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Hausarbeit (Hauptseminar), 2017
17 Seiten, Note: 2,3
2 Metaphor and the Sapir-Whorf-Hypothesis
2.1 Traditional views on metaphor
2.2 Conceptual Metaphor
3 Metaphorical Framing
3.1 What is Metaphorical Framing?
3.2 How does Metaphorical Framing work?
3.3 Positive and negative sides of Metaphorical Framing
5 Works cited
“The way we think, what we experience, and what we do every day is very much a matter of metaphor” (Lakoff 1980) .
Throughout time the metaphor has always been an object of interest and one of the reasons might be, that our mind “is a connecting organ, it works only by connecting and it can connect any two things in an indefinitely large number of different ways” (Charteris-Black 2014: 160). So, as Lakoff and Johnson argue, metaphors are eminent in our brains, the way our conceptual system and therefore our mind works, how we think, argue, and reason (Lakoff 1980: 3). And exactly because of that, our brain can also be manipulated by metaphor. It is not only a linguistic concept, but an important influence on how we think and behave.
Headlines like “Why won’t the world tackle the refugee crisis?” or “Two summits this week will try to address the 65 million displaced and 20 million in danger. But they are under fire before talks have even begun” (McVeigh and Townsend), seem to be ‘normal’ to us, when indeed they are heavily loaded with negative connotations and war metaphors. This use of metaphors to influence people’s way of thinking is called metaphorical framing. In this paper I will first explain what the term Metaphor means and highlight the claim, that it is not only a poetic device, but that conceptual metaphors are pervasive in our everyday life (Lakoff 1980) and have a brief look at the Sapir-Whorf-Hypothesis. In the second part I will explain in detail what Metaphorical Framing is, how it works and what the pros and cons of Metaphorical Framing are. To that end I am going to include two series of experiments concerning metaphorical framing of crime and climate change from Thibodeau and Boroditsky and Wolsko et al. giving a short overview about their findings.
Aristotle stated that “Metaphor consists in giving the thing a name that belongs to something else” (Thibodeau and Boroditsky 2011: 170). So the basic idea was the connection of two things that are normally not related. Coming from the Greek word metapherein, meaning ‘to transfer’, the OED gives the definition of metaphor as:
A figure of speech in which a name or descriptive word or phrase is transferred to an object or action different from, but analogous to, that to which it is literally applicable; an instance of this, a metaphorical expression (OED s.v. metaphor, n.)
The Encyclopaedia Britannica gives the following definition of metaphor:
Metaphor, figure of speech that implies comparison between two unlike entities, as distinguished from simile, an explicit comparison signalled by the words like or as. The distinction is not simple. A metaphor makes a qualitative leap from a reasonable, perhaps prosaic, comparison to an identification or fusion of two objects, the intention being to create one new entity that partakes of the characteristics of both. Many critics regard the making of metaphors as a system of thought antedating or bypassing logic. (Encyclopædia Britannica).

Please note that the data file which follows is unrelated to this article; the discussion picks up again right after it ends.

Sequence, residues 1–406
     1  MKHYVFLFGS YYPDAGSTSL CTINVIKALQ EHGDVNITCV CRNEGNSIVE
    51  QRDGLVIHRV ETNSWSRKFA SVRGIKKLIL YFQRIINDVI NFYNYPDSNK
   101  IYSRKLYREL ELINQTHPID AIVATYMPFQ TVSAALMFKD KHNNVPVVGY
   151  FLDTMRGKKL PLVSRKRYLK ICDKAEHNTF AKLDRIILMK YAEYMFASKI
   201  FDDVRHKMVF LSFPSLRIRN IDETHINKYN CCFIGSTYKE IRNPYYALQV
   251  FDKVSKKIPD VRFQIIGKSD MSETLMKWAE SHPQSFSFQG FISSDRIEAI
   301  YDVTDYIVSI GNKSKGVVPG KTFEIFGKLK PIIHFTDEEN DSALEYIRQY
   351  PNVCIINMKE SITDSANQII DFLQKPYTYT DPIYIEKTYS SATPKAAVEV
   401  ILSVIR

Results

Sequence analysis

So the “concept of metaphor relies on the idea of words having more than one sense “ (Thibodeau and Boroditsky 2011: 170). “A word’s meaning can only be understood with reference to a structured background of experience, beliefs, or practices, constituting a kind of conceptual prerequisite [or system] for understanding the meaning” (Fillmore and Atkins 1992: 76–77).
Another crucial feature of metaphors is: there are only two elements required, plus exchange or interaction between them. Which means, metaphors enable us to limitless different ways of thinking (Thibodeau and Boroditsky 2011).
For a long time metaphor was merely seen as a device of poetic imagination and rhetorical flourish. It was used by writers, poets and playwrights to embellish their literary work and to evoke images and emotions (cf. Ungerer 1996: 114–115).
And then came Lakoff and Johnson and with them the idea that “our ordinary conceptual system, in terms of which we both think and act, is fundamentally metaphorical in nature” (Lakoff 1980: 3). This is also the reason why metaphors work in arousing emotions.
Lakoff and Johnson differentiate between linguistic metaphors and conceptual metaphors. Linguistic metaphors can be categorized into two categories? Direct metaphors are mostly used in novels or poetic texts and are actively processed in short-term memory, whereas indirect metaphors are conventionalized and familiar to a broad audience. The latter are therefore systematically present in long-term memory.
According to Zoltán Kövecses “metaphor is defined as understanding one conceptual domain in terms of another conceptual domain” (Kövecses 2002: 4)
The main idea is that “we organize our knowledge by means of structures called idealized cognitive models” (Lakoff 1987: 68) and that these ICMs are not always in congruence with reality but rather based on a conceptualized system built by experience.
We use conceptual metaphors to help us understand complex concepts in terms of another, easier concept. Therefore they “allow us to do much more than just orient concepts, refer to them, quantify them, etc. […], they allow us, in addition, to use one highly structured and clearly delineated concept to structure another (Lakoff 1980: 62)
This ‘transfer’ of meaning from one concept onto another is, what Lakoff calls “metaphoric mapping” and is one of the four principles we use to structure our ICMs and therefore our conceptual system (cf. Lakoff 1987: 68).